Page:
return to the wolves
《重返狼群》（Return to the Wolves）
前些日子上映的《重返狼群》（Return to the Wolves）是一部从拍摄到制作都并不算精良的影片。没有明星，没有特效，一些镜头还是用手机拍摄的。
"I hope my Green will rewrite the bad wolf tales," Li says. "Wolves are smart and dignified, and even humane, as I later found."
Though she hasn't mingled with the wolf for months, she can still mimic its grunts and howls during the interview.
In the highland's pasture area, she heard about a litter of six wolf cubs whose father was killed and mother fatally poisoned.
Afraid of being bitten, Li watched the cub from a distance and uttered several howls of lament. The little wolf reacted and leaned into her embrace, and Li savored the connection.
When the cub was a month old, Li started to take Green out for exercise. Green refused to be chained or be dragged by the chain."To protest, he once frayed his belly against the cement ground when I dragged him," she says.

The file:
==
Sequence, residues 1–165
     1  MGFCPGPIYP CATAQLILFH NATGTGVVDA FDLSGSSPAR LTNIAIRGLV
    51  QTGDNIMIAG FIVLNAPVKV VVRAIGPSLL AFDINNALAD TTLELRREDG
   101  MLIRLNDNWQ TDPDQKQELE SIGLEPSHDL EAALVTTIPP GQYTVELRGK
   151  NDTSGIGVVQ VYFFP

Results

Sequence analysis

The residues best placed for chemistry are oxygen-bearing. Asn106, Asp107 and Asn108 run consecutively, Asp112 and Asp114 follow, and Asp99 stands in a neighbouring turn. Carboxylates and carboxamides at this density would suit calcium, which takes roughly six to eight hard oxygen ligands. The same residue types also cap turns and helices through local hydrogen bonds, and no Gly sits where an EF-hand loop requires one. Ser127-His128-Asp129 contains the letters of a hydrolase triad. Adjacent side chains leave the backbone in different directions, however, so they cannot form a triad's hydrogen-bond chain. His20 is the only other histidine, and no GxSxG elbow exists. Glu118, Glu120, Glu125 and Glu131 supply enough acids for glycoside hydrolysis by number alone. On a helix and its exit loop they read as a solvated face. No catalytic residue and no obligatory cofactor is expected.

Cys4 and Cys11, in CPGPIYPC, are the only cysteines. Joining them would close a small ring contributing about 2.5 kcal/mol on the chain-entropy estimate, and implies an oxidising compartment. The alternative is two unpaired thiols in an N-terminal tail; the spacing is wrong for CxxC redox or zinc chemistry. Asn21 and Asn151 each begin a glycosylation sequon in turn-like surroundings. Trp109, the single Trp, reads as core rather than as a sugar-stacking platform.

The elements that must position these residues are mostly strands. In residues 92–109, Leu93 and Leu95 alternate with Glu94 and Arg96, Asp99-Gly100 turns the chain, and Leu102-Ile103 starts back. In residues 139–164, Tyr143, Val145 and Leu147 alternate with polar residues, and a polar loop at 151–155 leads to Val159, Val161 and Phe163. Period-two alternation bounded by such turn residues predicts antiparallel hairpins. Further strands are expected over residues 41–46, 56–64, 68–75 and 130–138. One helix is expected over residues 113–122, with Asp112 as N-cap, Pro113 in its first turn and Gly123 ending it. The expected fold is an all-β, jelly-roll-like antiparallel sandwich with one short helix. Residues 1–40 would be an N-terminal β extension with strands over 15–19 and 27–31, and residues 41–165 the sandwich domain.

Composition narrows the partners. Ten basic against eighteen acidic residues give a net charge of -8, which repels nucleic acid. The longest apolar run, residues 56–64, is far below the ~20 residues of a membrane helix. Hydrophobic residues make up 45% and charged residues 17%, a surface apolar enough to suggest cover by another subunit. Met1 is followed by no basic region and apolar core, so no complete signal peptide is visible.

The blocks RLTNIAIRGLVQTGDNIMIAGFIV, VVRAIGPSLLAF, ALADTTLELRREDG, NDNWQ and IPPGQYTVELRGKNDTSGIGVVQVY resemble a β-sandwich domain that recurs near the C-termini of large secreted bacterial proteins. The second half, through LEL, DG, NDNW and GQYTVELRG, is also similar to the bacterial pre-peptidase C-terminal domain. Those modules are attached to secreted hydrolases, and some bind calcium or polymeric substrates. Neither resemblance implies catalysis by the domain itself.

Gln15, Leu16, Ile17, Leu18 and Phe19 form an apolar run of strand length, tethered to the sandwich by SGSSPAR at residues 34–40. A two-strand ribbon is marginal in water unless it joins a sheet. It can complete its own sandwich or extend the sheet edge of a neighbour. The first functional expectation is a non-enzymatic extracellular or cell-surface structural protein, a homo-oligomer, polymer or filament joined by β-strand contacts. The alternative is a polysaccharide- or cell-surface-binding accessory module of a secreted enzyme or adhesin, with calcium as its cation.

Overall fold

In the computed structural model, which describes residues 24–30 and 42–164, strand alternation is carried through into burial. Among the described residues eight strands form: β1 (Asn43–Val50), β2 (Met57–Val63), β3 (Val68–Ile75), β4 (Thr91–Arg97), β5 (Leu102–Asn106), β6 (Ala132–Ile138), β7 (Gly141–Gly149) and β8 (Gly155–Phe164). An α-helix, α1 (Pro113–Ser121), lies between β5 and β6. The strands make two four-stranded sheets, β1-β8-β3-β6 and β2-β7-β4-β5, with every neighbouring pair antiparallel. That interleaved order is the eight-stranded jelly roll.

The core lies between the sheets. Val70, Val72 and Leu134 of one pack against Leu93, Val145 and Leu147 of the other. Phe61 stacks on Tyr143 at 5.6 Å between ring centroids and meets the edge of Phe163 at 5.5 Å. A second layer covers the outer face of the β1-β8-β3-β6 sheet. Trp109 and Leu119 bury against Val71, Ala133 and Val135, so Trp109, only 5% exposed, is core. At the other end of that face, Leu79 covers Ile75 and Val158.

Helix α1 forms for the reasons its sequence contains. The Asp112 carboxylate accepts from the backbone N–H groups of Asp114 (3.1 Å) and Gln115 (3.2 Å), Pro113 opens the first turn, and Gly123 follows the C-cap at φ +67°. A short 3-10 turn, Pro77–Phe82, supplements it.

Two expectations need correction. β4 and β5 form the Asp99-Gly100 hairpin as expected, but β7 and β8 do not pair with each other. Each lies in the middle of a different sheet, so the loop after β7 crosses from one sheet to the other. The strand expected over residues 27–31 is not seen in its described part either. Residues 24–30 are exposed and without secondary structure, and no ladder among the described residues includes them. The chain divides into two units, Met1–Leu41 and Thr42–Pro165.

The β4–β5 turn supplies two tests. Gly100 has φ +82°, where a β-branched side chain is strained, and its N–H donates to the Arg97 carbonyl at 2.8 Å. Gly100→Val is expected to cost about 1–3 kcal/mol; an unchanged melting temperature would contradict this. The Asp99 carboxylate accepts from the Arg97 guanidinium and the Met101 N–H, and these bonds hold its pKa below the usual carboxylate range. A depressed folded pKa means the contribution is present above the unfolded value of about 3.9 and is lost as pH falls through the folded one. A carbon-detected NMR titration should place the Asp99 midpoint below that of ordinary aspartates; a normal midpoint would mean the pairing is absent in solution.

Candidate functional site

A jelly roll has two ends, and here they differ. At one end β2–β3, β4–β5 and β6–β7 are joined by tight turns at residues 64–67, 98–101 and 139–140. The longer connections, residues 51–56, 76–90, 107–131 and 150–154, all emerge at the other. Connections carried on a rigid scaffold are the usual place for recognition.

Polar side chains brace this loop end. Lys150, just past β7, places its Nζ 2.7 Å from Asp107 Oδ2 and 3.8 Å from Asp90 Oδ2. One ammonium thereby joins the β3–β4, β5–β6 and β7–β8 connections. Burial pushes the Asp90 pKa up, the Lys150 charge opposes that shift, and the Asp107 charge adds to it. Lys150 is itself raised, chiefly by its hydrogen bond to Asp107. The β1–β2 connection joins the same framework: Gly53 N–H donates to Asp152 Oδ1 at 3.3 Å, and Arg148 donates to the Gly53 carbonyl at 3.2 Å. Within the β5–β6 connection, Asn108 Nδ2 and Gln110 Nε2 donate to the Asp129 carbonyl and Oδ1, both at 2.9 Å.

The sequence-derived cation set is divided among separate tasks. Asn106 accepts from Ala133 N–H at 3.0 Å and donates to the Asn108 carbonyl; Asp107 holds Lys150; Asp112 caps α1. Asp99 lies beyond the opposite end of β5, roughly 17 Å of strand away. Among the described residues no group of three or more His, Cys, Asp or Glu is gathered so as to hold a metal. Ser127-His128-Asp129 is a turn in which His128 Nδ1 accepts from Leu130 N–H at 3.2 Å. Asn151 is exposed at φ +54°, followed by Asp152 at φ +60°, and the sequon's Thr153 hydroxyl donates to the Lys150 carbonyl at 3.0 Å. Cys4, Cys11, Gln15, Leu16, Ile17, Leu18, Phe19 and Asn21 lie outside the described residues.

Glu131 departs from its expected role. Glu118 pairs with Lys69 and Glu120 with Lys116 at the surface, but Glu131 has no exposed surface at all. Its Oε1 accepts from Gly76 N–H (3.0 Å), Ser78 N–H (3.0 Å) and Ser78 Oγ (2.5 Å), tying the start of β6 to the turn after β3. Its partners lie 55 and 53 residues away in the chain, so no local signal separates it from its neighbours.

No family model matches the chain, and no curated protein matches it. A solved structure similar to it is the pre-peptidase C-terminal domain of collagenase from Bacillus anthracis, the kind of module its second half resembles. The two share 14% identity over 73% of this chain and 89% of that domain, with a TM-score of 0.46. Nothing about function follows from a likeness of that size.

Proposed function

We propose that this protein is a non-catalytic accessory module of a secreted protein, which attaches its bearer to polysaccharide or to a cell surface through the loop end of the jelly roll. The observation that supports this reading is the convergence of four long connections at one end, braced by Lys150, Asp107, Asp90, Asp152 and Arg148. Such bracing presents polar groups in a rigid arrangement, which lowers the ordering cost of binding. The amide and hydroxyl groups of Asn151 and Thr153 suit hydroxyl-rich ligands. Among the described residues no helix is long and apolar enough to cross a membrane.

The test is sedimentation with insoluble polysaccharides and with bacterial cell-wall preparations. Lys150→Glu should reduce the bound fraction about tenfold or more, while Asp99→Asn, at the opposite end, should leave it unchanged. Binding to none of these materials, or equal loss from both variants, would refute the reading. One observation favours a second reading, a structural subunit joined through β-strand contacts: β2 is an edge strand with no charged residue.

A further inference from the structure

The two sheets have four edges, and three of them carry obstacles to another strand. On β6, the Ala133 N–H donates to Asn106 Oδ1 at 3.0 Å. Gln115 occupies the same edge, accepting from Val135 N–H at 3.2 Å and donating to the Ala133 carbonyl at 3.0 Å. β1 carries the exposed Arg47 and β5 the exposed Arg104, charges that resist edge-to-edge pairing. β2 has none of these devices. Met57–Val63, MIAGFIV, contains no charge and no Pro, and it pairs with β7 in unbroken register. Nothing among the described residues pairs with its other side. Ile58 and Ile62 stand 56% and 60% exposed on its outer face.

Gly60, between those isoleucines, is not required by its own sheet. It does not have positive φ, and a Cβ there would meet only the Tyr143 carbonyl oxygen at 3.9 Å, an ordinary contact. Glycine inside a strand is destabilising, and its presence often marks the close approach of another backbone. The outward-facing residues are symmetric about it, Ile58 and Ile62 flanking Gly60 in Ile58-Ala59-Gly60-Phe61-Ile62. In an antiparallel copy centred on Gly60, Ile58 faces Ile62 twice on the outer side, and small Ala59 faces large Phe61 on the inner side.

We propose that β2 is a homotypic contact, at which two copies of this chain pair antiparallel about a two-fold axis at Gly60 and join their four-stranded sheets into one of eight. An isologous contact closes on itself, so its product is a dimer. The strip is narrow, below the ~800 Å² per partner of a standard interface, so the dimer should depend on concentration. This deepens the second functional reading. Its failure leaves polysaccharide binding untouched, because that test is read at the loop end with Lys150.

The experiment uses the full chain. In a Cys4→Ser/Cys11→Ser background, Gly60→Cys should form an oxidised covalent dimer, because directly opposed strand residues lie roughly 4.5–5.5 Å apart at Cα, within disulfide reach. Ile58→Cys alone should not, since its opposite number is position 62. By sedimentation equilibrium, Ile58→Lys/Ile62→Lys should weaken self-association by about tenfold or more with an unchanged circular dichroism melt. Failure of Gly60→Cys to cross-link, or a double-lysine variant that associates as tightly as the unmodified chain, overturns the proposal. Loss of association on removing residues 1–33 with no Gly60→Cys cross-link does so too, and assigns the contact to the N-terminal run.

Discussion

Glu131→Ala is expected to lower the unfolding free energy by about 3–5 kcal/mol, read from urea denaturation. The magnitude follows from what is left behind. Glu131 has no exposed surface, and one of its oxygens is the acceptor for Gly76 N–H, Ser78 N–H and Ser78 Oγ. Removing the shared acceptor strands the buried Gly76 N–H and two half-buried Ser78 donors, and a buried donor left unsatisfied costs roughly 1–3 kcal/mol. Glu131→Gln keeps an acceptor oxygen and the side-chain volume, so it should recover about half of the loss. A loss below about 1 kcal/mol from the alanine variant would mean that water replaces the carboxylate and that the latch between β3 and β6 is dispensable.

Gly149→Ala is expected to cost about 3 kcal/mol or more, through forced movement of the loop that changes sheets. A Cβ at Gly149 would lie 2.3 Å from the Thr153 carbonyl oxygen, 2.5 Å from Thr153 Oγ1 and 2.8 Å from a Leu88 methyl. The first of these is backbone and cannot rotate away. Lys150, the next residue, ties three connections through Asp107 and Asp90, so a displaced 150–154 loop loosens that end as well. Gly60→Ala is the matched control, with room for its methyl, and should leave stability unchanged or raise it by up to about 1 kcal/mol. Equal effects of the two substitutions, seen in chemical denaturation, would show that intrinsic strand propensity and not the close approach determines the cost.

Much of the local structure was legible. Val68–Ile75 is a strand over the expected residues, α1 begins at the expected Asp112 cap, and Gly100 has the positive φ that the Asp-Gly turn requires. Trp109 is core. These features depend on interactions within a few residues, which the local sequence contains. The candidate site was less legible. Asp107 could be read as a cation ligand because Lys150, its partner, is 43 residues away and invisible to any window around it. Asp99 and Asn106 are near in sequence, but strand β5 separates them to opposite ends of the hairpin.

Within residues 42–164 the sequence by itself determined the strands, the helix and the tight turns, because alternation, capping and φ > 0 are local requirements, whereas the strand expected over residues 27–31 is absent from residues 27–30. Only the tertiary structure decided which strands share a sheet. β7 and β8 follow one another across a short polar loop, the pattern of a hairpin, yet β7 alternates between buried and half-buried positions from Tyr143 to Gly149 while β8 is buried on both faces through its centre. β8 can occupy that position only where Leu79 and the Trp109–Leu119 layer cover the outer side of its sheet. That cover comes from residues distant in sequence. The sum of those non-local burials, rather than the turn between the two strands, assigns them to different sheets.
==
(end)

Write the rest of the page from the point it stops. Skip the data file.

Li played the role of fellow cubs with Green, playing or competing with him. She got hurt frequently, but kept the wolf’s tusks and claws. She even tried to teach Green wolf howls by playing recordings and demonstrating.
Growing bigger, Green became a threat in city life. Though sad about separation, Li took Green back to the grassland where he was born in 2010 and made a plan. "I didn't want to deprive Green of the freedom he deserves. He belongs to the competitive and meaningful wild life," Li says.